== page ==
The book’s most important advice is captured in its title. He could have used, “Build Your Network When You Think You Don’t Need One,” but that would not have been as catchy.
I wish I would have read this book when I first started my career, well before I left corporate life to start my own business. My work life was filled with opportunities to build my network. There were people I met at conferences, classmates when working on my MBA, customers, vendors, and hundreds of coworkers, scattered all over the U.S.
For the most part, these opportunities passed me by. I didn’t act on them because I didn’t see a reason for it. When I left my job and struck out on my own, then the reason became obvious.
Networking benefits when you have a job
How might a stronger network help you right now, when you have a stable job?
- It could help you hire the right person.
- It could connect you with the perfect vendor to solve a pressing problem.
- It could provide you with an external sounding board for some ideas you’d like to implement at work.
- It could lead to a strategic partnership that might push your company (and your career) into the stratosphere.
- It could lead to an unsolicited call from a recruiter with a tempting new job opportunity.
- It could provide you with a broader perspective about how the world outside your company works.
- It could help you find new friends.
- It could help you help friends and family members who are in a job transition.
You have much to offer
If you still don’t believe that networking might benefit you now, then change the question to one that I bet Harvey would like, “How might you help people in your network?”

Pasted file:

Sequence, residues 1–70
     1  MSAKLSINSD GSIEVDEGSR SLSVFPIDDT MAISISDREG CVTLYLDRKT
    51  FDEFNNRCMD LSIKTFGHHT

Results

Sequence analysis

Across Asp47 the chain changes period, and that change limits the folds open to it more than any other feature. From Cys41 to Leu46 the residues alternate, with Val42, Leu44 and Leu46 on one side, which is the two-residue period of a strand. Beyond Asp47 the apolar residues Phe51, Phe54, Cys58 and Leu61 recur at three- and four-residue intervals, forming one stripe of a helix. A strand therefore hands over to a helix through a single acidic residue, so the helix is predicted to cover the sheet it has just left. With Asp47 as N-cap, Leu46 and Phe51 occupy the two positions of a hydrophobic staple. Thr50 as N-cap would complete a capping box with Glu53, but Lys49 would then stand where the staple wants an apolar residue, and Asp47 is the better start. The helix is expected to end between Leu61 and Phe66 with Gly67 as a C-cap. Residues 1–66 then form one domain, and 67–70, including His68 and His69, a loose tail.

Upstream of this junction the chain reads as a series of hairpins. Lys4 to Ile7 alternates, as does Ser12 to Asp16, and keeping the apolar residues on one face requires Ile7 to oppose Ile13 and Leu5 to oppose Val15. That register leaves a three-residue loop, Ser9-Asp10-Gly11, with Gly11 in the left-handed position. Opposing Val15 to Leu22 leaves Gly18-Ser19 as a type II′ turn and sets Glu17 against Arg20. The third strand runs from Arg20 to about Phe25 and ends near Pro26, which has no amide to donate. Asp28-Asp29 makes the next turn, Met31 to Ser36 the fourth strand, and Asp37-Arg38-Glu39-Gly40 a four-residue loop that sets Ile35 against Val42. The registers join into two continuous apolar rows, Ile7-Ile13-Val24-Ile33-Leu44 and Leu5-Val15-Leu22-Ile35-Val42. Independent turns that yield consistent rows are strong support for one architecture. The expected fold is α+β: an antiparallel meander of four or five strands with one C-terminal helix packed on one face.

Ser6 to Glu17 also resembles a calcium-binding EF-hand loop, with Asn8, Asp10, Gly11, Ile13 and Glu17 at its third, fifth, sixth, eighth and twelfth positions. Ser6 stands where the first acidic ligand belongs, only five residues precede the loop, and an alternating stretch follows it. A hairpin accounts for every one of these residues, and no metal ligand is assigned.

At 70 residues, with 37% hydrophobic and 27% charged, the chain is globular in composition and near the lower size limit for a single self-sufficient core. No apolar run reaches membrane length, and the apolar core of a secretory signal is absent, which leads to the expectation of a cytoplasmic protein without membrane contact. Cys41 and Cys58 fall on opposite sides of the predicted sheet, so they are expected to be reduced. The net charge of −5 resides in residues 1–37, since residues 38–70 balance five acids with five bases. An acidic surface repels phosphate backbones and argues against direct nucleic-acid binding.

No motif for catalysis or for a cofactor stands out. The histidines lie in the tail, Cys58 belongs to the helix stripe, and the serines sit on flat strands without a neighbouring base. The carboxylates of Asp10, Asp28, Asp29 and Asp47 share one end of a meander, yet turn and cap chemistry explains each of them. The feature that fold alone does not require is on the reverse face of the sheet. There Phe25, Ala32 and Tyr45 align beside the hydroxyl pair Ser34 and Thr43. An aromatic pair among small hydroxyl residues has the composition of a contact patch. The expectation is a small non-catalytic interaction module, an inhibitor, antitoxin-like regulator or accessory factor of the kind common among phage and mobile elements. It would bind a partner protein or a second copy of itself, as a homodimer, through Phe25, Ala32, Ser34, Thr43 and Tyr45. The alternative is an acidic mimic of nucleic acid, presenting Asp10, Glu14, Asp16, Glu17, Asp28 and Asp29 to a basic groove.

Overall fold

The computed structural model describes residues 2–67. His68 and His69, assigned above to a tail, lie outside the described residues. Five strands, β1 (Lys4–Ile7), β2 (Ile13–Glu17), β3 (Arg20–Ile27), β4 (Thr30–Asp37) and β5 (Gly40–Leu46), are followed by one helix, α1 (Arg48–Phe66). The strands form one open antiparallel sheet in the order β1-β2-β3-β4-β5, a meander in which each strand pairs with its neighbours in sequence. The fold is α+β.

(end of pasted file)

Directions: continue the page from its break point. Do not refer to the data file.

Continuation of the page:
- You could provide an informational interview.
- You could connect them to hiring managers within your company.
- You could help them get a foot in the door so that they can offer their products or services to the right people.
- You could recommend their work. LinkedIn makes this easy to do.
- You could promote their services by doing something as simple as sharing their LinkedIn posts or tweets with your social networks.
- You could forward job openings.
- You could provide feedback on an idea.
You could do all this and more because it’s helpful. Contrary to what many think about networking, it’s not about what you get, but rather what you give.
If you aren’t thirsty and don’t need a drink, count your blessings. I hope the winds of good fortune continue to blow your way.
In the meantime, you have a well to dig. Winds quickly change directions. You never know when they might dry you out. It’s then that you’ll be glad you have a well, full of thirst-quenching water.